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Articles:

Canada’s Shame

Published 09/15/04
Source: Animal Issues, Volume 35 Number 3, Fall 2004

Big-eyed baby seals. Men swinging heavy clubs. White ice stained crimson.

These are some of the indelible images so ubiquitous in 1970s and 1980s, the heyday of the global “save the seals” movement.

During those years, animal protection groups from around the world joined forces to fight the wanton slaughter of baby harp and hooded seals that took place each year on Canada’s northern ice floes. Pictures from the hunt sparked outrage and, eventually, a measure of reform.

Today, the images are back, more haunting than ever. That’s because the Canadian seal hunt is back, bigger and bloodier than before. And animal advocates have come together once again to fight the senseless, barbaric killing.

In truth, the seal hunts never really went away. Although the international outcry sparked by advocacy campaigns of the 1970s and 1980s resulted in a decline in the number of seals killed in Canada, the hunts were never entirely halted. From 1983 to 1987, an average of 36,000 seals were killed each year in Canada, down from about 300,000 each year during the 1950s. It seemed that a partial victory had been won.

A Renewed Battle

Just recently, activists began once again to shine a spotlight on Canada’s northern ice — and to expose the horrors of the state-sanctioned seal hunt.

This renewed focus comes on the heels of a 2003 announcement by the Canadian government that it would permit the clubbing and shooting of close to one million baby harp seals over the next three years, the highest quota for seal killing in Canada’s history, and the largest commercial kill of marine mammals in the world. The government claims that the “culling” of seals is necessary in order to save the imperiled cod. They charge that the seals eat “too many fish,” while failing to acknowledge the true cause of the precipitous decline in cod populations: overfishing by humans.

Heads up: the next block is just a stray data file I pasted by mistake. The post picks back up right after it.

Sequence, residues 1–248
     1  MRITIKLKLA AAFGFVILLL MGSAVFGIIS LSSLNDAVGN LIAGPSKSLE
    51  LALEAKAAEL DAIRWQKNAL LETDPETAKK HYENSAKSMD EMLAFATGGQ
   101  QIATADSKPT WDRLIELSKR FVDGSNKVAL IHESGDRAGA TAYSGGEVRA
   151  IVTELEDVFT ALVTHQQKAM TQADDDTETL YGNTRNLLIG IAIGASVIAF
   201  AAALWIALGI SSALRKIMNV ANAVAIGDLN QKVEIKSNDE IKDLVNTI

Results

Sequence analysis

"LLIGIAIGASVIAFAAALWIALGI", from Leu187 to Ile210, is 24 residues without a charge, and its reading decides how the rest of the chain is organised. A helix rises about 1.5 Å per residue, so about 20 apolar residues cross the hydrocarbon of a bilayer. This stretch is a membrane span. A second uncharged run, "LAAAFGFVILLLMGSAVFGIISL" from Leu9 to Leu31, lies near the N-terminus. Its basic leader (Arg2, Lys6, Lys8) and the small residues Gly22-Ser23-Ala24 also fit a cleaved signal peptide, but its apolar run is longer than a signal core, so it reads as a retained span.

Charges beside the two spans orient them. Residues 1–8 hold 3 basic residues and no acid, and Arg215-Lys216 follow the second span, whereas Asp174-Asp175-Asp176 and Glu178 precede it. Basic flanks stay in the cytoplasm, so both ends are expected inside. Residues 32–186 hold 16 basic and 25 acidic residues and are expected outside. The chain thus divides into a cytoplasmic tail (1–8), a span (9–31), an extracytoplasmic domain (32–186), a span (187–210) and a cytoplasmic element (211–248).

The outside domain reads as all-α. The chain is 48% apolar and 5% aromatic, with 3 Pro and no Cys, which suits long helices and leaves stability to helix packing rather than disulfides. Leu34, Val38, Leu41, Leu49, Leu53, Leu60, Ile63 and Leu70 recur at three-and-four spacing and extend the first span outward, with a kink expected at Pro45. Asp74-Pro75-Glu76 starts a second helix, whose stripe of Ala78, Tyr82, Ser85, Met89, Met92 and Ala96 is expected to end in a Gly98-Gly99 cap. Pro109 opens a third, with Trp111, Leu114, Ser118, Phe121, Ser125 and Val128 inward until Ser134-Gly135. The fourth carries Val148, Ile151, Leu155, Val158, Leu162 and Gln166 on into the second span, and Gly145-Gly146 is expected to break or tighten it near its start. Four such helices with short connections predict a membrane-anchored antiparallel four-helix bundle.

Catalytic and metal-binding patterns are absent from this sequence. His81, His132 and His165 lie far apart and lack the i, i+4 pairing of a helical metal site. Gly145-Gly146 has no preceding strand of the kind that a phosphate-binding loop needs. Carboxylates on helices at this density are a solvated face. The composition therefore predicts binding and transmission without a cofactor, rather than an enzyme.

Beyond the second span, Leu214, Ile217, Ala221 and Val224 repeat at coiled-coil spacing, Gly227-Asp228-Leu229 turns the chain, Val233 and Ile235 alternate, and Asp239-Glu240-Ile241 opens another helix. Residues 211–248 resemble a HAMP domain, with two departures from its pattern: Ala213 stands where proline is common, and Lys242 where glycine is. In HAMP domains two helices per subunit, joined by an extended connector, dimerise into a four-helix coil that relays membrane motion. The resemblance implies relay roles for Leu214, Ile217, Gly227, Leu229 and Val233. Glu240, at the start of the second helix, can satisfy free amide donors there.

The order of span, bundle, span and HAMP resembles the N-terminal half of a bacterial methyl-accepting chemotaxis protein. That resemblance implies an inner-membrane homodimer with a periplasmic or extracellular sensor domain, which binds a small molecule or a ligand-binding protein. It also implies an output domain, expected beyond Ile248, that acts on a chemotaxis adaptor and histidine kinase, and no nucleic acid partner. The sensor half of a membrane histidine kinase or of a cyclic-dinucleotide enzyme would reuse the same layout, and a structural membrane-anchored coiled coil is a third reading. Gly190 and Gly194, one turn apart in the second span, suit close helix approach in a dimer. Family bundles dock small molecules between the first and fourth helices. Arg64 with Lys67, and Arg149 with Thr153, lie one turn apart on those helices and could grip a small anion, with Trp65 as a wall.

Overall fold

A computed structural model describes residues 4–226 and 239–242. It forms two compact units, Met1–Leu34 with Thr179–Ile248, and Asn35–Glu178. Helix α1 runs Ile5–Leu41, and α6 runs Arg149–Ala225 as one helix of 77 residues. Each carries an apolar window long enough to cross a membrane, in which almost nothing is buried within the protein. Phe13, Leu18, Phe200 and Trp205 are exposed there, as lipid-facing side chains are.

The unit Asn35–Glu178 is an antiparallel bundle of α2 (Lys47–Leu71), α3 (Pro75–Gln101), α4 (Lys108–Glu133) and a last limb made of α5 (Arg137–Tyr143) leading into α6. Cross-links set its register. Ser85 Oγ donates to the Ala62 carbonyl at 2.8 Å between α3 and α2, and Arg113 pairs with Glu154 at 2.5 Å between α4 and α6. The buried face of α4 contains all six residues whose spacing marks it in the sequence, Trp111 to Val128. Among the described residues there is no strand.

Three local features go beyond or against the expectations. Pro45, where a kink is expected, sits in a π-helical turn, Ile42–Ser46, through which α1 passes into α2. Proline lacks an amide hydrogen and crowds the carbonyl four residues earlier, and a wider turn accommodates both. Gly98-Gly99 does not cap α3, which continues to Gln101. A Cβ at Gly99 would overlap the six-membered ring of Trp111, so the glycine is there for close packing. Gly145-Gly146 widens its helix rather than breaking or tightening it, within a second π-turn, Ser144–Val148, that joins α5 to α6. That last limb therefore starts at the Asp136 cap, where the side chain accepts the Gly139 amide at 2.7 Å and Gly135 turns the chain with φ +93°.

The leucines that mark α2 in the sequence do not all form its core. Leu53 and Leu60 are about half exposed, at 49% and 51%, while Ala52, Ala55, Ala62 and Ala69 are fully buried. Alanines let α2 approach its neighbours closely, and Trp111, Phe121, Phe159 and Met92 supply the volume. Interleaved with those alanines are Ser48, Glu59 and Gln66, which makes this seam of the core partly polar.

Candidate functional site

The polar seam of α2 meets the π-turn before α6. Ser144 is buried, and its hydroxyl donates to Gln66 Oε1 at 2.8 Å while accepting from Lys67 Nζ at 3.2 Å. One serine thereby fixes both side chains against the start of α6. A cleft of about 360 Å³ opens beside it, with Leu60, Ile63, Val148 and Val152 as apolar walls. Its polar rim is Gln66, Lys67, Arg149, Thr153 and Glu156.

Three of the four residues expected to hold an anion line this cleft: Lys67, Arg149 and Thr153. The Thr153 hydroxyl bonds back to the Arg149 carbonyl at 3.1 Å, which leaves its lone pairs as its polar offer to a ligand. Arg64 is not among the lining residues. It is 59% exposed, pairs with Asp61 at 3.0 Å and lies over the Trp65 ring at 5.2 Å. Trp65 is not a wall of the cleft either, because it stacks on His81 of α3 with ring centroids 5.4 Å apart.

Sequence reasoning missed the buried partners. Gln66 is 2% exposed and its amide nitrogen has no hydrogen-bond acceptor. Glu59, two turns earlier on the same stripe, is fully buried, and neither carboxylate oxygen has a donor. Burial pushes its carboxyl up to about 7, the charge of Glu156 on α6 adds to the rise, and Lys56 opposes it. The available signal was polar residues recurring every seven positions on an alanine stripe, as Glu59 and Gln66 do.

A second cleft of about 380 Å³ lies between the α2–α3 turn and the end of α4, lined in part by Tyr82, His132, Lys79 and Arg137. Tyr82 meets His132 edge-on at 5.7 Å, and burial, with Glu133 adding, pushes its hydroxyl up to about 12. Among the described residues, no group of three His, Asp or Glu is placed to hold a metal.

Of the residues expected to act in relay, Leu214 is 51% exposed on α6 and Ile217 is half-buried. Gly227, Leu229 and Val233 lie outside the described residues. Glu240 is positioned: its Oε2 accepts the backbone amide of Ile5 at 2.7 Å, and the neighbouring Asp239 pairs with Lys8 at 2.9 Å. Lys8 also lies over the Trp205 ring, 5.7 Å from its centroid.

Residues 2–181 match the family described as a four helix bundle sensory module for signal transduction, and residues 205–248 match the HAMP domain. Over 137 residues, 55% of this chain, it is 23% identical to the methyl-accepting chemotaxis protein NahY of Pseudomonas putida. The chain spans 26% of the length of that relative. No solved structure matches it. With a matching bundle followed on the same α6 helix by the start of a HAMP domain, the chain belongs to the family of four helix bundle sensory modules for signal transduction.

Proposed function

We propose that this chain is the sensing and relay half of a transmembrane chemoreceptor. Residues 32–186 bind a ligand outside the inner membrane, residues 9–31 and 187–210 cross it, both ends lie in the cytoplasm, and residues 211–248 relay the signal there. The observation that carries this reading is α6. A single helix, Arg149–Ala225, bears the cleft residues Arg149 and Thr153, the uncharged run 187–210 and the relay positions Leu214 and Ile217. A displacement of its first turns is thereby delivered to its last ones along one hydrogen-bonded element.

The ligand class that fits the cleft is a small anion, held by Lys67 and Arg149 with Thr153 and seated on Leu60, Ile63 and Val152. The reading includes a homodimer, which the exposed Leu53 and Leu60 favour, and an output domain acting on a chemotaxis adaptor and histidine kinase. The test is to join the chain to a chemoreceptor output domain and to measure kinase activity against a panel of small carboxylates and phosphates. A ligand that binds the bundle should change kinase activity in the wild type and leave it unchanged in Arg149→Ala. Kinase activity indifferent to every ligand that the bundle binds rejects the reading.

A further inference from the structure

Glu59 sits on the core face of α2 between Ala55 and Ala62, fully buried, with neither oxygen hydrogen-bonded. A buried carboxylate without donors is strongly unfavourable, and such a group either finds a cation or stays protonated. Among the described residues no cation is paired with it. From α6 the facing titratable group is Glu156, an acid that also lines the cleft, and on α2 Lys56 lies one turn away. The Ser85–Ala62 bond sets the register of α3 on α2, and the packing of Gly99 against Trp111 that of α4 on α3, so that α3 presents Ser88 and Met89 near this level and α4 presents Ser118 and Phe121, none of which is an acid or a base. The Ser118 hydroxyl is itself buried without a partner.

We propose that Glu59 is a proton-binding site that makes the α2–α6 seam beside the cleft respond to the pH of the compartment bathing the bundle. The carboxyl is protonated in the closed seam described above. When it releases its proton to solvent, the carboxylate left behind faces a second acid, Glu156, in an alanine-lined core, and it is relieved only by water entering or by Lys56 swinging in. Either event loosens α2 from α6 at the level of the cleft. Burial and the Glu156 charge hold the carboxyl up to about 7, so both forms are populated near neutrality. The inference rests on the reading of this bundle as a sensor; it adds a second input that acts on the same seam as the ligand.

Although killing seals won’t bring back the cod, the commercial seal hunt continues to be promoted and subsidized by the Canadian government. It is a bloody business.

On April 5, 2004, the New York Times described how hunters bear down on helpless seal pups, and “with one or two blows to the head, they crush the skulls, sometimes leaving the young animals in convulsions.” This year’s hunt has already resulted in the deaths of more than 320,000 seals, most of who were between the ages of twelve days and three months.

In the current hunt, most seals are shot, rather than clubbed (older seals are difficult to reach and club on the ice floes). Hunters, however, prefer clubbing to shooting, not only to save the cost of bullets, but because pelts containing bullet holes command lower prices on the fur market.

Neither shooting nor clubbing is a humane form of killing. Many animals who are shot are not immediately killed, but are wounded. Some wounded animals escape into the sea, then die beneath the ice. Others are dragged aboard boats to be clubbed, ostensibly to death, although, according to veterinarians taken to the hunt by the International Fund for Animal Welfare (IFAW), as many as 42 percent of the animals examined were likely skinned while alive and conscious.

Seal AdAPI has supported the campaign initiated by HSUS and IFAW to end Canada’s seal slaughter. We’ve been active in encouraging U.S. Senators to pass S. Res 269, a resolution condemning the massacre (see photo of the ad, which appeared in the Congressional newspaper Roll Call, on right). As part of the International Fur-Free Alliance, we’ve helped push for bans on the importation of seal pelts — including the ban on the import and trading of seal fur recently adopted by Belgium. API was also one of the many groups that helped raise public awareness of the slaughter by joining graphic advertisements in publications such at the New York Times.

You, too, can speak up for the seals! Contact your two U.S. Senators, and ask them to sign on to S. Res. 269, condemning the Canadian seal massacre. You can look up the names of your U.S. Senators at www.Congress.org, and you can contact them by calling 202-224-3121 or writing to:

The Honorable (Full Name)
U.S. Senate
Washington, DC 20510

You can also let the Canadian Tourism Commission know that you'll vacation elsewhere. Email its members at www.travelcanada.ca/tc_redesign/app/en/ca/contact.do.

In addition, tell Canadian public officials that you think the seal hunt is unnecessary and inhumane and that you plan to spend your tourist dollars elsewhere. Contact:

Ambassador Michael F. Kergin
Canadian Embassy
501 Pennsylvania Ave., NW
Washington, DC 20001
202-682-1740
202-682-7678 fax

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